Case No. 654405/2013, order of 16 July 2014. The arbitration agreement referred to arbitration 'pursuant to the Arbitration Rules of the International Chamber of Commerce (ICC Rules)' and provided that '[t]he American Arbitration Association shall administer the arbitration, and also act as the appointing authority when the ICC Arbitration Rules call for an appointing authority to act'. The arbitration was initially filed with the ICC Court and subsequently withdrawn. Judge Ramos ordered 'the parties … to have any arbitration administered by the [AAA] pursuant to the ICC Rules, with the parties to seek the court's assistance if they are unable to agree on any modifications to the ICC Rules required for AAA administration … If the AAA is unwilling or unable for any reason to administer the arbitration under the ICC Rules, the reference to the ICC Rules in the arbitration clause … is severed and the parties shall arbitrate pursuant to the arbitration rules designated by the AAA in accordance with its procedures.' See A. Sabater & M. Stadnyk, 'New York International Arbitration Judge, One Year Later', New York Law Journal (17 Nov. 2014).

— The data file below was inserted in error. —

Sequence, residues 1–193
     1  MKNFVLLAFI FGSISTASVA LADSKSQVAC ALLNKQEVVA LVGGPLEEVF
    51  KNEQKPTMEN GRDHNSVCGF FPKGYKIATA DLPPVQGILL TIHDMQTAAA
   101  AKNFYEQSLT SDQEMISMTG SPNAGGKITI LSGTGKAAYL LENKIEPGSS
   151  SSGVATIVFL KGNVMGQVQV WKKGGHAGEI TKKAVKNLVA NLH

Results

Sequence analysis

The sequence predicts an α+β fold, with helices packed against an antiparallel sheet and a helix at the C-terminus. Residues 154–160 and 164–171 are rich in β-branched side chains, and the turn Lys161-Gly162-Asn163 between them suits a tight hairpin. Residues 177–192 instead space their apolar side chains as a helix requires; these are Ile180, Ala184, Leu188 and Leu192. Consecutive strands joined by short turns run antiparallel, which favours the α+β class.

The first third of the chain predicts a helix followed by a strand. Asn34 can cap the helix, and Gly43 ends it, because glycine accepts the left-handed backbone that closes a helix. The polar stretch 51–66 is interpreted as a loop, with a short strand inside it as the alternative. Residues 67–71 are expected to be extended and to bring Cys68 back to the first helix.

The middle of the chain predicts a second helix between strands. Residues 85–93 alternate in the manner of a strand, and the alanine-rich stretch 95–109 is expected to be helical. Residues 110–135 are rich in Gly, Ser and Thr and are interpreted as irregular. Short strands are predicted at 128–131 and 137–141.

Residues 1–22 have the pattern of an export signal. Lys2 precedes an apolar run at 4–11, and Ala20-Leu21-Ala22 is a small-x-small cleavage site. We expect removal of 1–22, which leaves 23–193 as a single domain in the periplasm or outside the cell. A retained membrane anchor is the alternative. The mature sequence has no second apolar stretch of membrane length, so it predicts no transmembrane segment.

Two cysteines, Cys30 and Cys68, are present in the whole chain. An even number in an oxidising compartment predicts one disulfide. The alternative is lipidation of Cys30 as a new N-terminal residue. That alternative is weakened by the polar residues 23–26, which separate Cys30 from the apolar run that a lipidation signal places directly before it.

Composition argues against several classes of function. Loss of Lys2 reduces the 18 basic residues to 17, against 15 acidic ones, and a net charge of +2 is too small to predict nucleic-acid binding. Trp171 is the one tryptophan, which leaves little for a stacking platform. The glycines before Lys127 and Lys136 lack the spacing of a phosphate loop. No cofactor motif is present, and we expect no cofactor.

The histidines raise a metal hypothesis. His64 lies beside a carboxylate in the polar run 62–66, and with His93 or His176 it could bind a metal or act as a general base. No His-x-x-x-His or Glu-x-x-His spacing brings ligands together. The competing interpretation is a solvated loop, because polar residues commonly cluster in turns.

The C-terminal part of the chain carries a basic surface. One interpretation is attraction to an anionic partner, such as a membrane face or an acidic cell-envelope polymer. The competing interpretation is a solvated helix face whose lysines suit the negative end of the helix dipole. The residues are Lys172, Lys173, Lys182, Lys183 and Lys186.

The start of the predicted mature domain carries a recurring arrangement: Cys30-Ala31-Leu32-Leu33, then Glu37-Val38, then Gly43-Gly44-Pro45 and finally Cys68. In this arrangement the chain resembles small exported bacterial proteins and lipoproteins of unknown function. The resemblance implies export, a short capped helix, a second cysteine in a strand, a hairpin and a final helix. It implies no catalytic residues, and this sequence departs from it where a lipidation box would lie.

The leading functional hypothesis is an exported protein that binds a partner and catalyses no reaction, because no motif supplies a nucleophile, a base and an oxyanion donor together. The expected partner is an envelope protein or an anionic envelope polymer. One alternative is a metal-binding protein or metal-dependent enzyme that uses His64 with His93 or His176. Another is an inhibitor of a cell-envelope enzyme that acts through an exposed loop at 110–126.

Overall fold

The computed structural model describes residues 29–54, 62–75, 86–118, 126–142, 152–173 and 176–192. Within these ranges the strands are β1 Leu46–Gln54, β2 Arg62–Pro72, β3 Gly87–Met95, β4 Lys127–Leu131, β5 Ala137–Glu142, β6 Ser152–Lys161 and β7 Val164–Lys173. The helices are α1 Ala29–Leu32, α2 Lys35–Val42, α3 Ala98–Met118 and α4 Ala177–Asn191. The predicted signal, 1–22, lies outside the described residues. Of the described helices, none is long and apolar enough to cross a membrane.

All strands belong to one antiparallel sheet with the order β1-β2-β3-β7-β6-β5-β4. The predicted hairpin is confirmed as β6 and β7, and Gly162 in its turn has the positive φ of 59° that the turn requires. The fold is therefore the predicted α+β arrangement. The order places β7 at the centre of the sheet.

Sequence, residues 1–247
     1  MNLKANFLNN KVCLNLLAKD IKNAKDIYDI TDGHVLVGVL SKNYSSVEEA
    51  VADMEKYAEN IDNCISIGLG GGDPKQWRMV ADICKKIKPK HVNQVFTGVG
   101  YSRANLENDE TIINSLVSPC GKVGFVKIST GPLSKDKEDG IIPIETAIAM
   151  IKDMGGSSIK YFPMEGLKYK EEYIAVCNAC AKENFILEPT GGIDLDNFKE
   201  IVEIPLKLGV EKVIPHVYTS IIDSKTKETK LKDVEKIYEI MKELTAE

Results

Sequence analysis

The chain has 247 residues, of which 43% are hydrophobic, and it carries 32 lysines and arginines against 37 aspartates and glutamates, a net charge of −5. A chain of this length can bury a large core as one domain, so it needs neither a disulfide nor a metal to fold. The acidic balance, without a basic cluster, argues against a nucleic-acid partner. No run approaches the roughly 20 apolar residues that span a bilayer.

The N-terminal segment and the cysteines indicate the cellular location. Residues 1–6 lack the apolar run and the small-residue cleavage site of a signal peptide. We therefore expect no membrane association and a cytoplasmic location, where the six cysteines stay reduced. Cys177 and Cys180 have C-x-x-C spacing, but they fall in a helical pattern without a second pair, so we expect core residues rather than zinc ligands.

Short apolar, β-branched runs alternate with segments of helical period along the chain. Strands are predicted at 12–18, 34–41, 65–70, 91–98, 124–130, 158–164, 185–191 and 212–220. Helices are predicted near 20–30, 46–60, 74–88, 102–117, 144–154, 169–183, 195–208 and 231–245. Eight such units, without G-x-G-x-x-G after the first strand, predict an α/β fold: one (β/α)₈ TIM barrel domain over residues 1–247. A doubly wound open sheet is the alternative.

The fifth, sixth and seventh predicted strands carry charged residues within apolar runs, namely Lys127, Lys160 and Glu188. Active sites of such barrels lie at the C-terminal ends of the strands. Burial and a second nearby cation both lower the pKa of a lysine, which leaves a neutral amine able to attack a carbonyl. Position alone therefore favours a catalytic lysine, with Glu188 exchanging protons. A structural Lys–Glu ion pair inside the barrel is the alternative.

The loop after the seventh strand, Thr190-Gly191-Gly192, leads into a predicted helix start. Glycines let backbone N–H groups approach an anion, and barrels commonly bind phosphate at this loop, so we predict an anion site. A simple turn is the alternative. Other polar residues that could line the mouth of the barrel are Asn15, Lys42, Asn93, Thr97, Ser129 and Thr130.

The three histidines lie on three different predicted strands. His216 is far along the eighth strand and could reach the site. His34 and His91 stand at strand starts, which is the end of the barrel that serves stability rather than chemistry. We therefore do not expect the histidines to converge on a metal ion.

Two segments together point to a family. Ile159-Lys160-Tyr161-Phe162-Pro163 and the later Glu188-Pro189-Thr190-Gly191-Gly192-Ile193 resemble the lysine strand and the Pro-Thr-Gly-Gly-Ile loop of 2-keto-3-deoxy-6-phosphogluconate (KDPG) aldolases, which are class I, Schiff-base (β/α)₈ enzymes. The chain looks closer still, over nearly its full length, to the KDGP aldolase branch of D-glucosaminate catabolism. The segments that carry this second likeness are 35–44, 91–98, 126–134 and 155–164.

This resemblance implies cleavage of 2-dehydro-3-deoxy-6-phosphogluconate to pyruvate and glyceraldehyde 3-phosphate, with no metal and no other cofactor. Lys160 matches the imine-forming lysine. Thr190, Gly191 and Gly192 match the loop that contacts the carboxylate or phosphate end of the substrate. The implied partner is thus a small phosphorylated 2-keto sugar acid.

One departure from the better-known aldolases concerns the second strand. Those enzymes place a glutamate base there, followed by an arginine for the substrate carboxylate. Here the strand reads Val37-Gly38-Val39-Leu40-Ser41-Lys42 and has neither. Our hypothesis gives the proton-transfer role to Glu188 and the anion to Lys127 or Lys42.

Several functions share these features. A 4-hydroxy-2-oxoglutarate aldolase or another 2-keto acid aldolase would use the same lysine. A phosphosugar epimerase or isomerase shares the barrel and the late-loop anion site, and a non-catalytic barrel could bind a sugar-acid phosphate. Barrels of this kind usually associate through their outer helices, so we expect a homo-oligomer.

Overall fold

See P. Cavalieros, Revue de l'arbitrage 2002.1020, in his annotation of an arbitral award rendered pursuant to an arbitration agreement providing for arbitration under the ICC Rules administered by the Court of Arbitration of Budapest, considers the potential conflict between the rules of the two institutions in several areas of procedure (e.g. screening of the request for arbitration, constitution of the arbitral tribunal, fixing of the place of arbitration, scrutiny of the draft award) and observes that it is difficult to distinguish provisions associated with the institution's administrative role from procedural provisions that do not depend on the administering institution.

The unenforceability of the award would result not from a breach of mandatory law, as suggested by A.C. Nicholls & C. Bloch, supra note 59 at 404, but from disregard of the parties' will to submit to the ICC Rules, including Arts. 1(2) and 6(2).